Today we’re sharing a story about the Puritan tiger beetle by biologist Laura Saucier of the Connecticut Department of Energy and Environmental Protection, originally published in the Connecticut Wildlife Magazine. Just this year our agencies have worked together with several partners to start rearing these threatened beetles in captivity.
Tiger beetles are a fascinating group of animals. There are over 100 different species of tiger beetles in North America and over 2,000 species worldwide. In their adult form, tiger beetles are hunters that chase down prey with their long legs, much like the cheetahs of the plains of Africa. They have impressive mandibles (jaws) for their small size. Tiger beetles are often the top invertebrate predator in the open habitats where they occur.
Fifteen species of tiger beetles occur in Connecticut; eight are on Connecticut’s Endangered, Threatened and Special Concern Species list due to perceived declines in their populations or habitats.
The Puritan tiger beetle (Cicindela puritana) occurs on sandy beaches in New England along the Connecticut River and in the Chesapeake Bay region of Maryland. Historically, C. puritana was documented at 11 distinct areas along the Connecticut River from New Hampshire to Connecticut, generally on beaches where large river bends result in regular deposition of sediments. Unfortunately, human-caused changes to the flow of the Connecticut River and surrounding land uses resulted in the extirpation (elimination) of Puritan tiger beetles from nine of those 11 sites by the early 1900s. Today, the New England population is comprised of the only two remaining sites in Hadley, Massachusetts, and Cromwell, Connecticut. The now small New England population is estimated to have just over 500 individuals. C. puritana also is struggling in the Chesapeake Bay region, but populations are more robust (over 1,000 individuals) and spread out over more sites.
In August 1990, the U.S. Fish and Wildlife Service included the Puritan tiger beetle for protection under the federal Endangered Species Act as a threatened species. Connecticut included the beetle under our state Endangered Species Act, listing the species as endangered in 1992. The reasons cited for listing C. puritana are: 1) within New England, only two populations remain within the former range on the Connecticut River, and 2) the Chesapeake Bay populations are under great threat due to human-caused habitat alteration.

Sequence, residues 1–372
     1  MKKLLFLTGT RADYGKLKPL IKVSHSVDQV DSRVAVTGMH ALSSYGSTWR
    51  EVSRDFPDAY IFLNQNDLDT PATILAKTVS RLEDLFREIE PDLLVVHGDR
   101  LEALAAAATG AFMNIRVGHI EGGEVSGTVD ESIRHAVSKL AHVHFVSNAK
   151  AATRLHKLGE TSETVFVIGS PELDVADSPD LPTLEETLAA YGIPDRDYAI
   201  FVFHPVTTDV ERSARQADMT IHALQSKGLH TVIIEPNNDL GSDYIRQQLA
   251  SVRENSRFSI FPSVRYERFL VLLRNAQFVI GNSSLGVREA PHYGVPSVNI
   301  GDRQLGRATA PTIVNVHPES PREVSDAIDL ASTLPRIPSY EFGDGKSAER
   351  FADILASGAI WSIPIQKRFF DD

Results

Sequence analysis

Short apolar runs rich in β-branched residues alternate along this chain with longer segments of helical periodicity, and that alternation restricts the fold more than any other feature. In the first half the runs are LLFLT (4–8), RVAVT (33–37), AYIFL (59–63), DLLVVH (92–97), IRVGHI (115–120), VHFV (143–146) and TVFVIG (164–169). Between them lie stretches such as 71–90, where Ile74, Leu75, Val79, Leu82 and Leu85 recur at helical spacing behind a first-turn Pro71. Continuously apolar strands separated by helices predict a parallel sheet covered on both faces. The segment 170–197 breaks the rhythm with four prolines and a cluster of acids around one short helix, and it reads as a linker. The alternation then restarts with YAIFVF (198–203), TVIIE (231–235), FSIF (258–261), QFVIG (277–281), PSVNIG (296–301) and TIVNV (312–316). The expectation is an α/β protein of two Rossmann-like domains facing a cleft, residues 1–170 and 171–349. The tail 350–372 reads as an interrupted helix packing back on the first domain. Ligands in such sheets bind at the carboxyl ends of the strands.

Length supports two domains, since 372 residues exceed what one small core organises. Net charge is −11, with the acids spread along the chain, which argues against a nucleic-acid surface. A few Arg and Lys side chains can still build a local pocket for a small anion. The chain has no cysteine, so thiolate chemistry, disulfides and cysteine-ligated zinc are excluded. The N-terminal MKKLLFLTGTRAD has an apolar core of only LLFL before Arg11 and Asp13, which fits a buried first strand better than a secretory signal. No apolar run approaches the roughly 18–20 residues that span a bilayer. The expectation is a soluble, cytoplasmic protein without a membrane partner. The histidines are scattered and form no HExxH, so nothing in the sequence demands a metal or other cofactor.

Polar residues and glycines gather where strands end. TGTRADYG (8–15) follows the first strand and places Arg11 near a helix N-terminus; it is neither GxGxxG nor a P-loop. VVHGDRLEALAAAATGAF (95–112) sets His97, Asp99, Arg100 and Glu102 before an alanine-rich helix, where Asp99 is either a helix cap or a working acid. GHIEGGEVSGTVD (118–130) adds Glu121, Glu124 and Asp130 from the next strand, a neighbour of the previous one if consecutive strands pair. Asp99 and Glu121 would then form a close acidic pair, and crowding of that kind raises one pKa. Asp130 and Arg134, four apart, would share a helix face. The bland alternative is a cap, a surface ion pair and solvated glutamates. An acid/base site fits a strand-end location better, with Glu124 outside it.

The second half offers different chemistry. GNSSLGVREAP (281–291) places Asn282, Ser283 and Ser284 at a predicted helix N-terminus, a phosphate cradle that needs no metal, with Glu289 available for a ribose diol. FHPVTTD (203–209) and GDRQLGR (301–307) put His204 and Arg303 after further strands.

In New England, the decline of C. puritana is primarily the result of 17 dams built on the Connecticut River above Hartford for flood control and hydroelectric power. The beetle has evolved to live in a dynamic habitat, relying on natural river processes to deposit and erode sediments, keeping areas of shoreline sandy and relatively free of vegetation. Hydropower dams especially affect suitable habitat because they artificially maintain steady flows, and the river no longer experiences periods of high flooding or natural periods of low flow. In addition to damming, shoreline stabilization (building retaining walls along the shoreline, adding rip-rap to the river bank, etc.) and recreational activities, such as extended camping on these beaches and excessive wakes created by jet-skis and speed boats, have also been cited as exacerbating stressors.